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Bishop of Thetford’s Easter message in the EDP

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The other day I heard on the radio somebody who was described as a historian of emotions. I hadn’t realised there is such a thing but found the studio discussion fascinating. Professor Thomas Dixon spoke about how emotions are shaped by the culture we live in and the language we speak. Our experience of emotions also changes over time.

He gave the example of anger in politics. There was a time when someone getting angry in a political debate would simply be ignored because they’d moved beyond reason, had given up trying to persuade through rational argument. Nowadays, it sometimes seems there’s a requirement that political views are expressed in angry terms. We’re almost at the point where the person who gets most angry is the one most likely to be listened to. We no longer look for the weight of evidence and wisdom, instead, it can seem as though the level of anger shown is the key factor in demonstrating the rightness of your position.

Sadly, I’ve noticed this increase of anger also present in the church. We don’t just disagree about something someone has said or done, we reach straightaway for the strongest possible angry language to denounce the person with whom we disagree. Our anger is so often destructive because we rush to extremes. What words do we then have left for the awful cruelties and injustices we still see in the world today?

When this subject is raised among people of faith, we often reach for the story in the Gospels where Jesus angrily ejects the traders from the Temple. But this is only one incident among many more where Jesus was provoked but refused to rise to the provocation.

When it comes to this special time of year, I’ve always been puzzled by the way the mood of Holy Week, as marked by many Christian churches in the run up to Easter, changes so quickly. Palm Sunday has Jesus entering Jerusalem on a donkey, to the joyful greetings and adulation of the crowds who laid down palm branches to welcome him. But within a few days the mood changes completely, and after his arrest, the crowds angrily shout for his crucifixion. How fickle a crowd can be.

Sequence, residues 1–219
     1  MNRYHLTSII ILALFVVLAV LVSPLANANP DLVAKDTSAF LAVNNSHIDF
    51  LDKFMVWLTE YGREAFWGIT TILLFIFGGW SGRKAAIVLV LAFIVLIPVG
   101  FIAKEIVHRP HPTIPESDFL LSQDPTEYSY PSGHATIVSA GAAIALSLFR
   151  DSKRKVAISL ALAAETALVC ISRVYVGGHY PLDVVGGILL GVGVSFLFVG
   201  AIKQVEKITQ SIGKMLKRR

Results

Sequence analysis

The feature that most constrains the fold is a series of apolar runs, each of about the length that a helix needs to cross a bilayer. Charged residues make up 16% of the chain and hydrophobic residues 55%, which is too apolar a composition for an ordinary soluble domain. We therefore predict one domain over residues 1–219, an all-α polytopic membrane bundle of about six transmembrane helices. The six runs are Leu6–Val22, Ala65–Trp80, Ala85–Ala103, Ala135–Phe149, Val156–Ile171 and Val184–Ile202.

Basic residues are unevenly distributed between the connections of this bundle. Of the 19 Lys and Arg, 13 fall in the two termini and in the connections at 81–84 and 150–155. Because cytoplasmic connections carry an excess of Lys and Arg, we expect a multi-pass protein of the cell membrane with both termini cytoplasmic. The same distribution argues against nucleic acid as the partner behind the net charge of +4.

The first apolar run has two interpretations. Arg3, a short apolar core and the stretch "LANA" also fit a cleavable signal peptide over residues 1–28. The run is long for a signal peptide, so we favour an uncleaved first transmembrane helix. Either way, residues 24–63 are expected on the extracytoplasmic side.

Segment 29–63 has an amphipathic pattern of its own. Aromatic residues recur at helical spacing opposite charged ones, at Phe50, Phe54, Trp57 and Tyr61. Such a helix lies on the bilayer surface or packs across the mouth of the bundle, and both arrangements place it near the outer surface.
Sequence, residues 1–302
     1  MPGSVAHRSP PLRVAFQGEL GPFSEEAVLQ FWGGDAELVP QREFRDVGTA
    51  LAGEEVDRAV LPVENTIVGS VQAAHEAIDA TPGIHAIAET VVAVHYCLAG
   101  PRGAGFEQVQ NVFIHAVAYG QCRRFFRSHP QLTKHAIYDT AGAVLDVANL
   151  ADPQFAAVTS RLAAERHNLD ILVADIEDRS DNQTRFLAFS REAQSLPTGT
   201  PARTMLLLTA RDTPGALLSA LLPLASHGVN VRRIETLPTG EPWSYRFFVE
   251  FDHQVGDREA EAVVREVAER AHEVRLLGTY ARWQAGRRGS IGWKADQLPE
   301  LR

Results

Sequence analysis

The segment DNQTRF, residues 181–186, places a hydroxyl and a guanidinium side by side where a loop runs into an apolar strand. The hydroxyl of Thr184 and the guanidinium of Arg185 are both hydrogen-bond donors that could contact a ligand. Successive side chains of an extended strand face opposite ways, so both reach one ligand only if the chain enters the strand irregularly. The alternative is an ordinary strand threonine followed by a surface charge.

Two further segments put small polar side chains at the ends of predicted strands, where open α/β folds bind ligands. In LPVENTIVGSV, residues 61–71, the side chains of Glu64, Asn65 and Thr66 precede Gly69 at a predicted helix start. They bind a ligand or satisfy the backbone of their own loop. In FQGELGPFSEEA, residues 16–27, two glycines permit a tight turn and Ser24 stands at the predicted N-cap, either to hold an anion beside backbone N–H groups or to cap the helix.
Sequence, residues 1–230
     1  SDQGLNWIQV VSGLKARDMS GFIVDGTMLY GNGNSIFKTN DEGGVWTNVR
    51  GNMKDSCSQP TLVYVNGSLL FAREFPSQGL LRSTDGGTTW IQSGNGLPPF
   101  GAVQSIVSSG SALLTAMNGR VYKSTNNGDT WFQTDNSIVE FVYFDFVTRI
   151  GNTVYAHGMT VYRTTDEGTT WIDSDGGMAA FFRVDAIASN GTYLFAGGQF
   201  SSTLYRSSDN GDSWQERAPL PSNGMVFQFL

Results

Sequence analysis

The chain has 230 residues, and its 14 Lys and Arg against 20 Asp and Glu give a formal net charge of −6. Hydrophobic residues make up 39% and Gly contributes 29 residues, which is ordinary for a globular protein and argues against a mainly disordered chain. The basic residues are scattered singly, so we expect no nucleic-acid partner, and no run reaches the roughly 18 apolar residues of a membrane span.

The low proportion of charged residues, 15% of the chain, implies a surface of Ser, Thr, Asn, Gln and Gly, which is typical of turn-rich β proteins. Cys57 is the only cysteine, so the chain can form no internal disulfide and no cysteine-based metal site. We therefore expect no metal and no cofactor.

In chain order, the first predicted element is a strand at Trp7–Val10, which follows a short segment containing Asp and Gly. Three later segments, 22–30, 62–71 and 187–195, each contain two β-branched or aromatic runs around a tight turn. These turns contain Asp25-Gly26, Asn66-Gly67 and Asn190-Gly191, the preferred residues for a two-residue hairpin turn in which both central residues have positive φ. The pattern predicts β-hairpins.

Good Friday is the day when that anger reaches its conclusion in the awful violence of the cross. There are, of course, different ways of speaking about the meaning of Jesus’ death on the cross. One interpretation is to see all the anger that leads to hatred and violence in the world as focused on to the person of Jesus, who some followed as the Son of God.

After his crucifixion, the drama then plays out over several days, and it is with deep sadness that the women visit the tomb on Easter morning. Their sorrow turns first to shock and then disbelief and then to joy as they find that he is not there. In the days that follow, Jesus appears to them and his disciples, alive again, restored to them.

It seems that God’s response to such destructive anger is to show us that love is stronger and deeper and more enduring than all the hateful things we can throw at Jesus on the cross. The worst of anger is matched by the best of love.

As we celebrate the joy of Easter with its message of new life and hope is there something we can learn about how our anger might need to be transformed? God refuses to allow anger to win the day, for in God’s eyes love will always be stronger than anger, it is love that will win the day. Anger is so often destructive, but love creates.

So my prayer this Easter is for a little less anger and a little more love. Happy Easter.